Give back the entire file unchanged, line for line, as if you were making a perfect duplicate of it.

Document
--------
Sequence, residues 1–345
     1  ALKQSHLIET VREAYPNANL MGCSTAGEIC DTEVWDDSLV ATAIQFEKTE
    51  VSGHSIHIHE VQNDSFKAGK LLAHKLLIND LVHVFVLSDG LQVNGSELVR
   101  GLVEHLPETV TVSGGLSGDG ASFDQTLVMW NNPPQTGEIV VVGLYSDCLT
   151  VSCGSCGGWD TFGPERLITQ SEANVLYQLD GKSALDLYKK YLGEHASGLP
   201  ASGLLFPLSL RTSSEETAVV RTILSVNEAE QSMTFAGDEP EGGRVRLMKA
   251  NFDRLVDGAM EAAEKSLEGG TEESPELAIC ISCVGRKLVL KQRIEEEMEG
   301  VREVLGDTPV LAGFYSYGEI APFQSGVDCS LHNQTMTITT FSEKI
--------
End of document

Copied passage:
Sequence, residues 1–345
     1  ALKQSHLIET VREAYPNANL MGCSTAGEIC DTEVWDDSLV ATAIQFEKTE
    51  VSGHSIHIHE VQNDSFKAGK LLAHKLLIND LVHVFVLSDG LQVNGSELVR
   101  GLVEHLPETV TVSGGLSGDG ASFDQTLVMW NNPPQTGEIV VVGLYSDCLT
   151  VSCGSCGGWD TFGPERLITQ SEANVLYQLD GKSALDLYKK YLGEHASGLP
   201  ASGLLFPLSL RTSSEETAVV RTILSVNEAE QSMTFAGDEP EGGRVRLMKA
   251  NFDRLVDGAM EAAEKSLEGG TEESPELAIC ISCVGRKLVL KQRIEEEMEG
   301  VREVLGDTPV LAGFYSYGEI APFQSGVDCS LHNQTMTITT FSEKI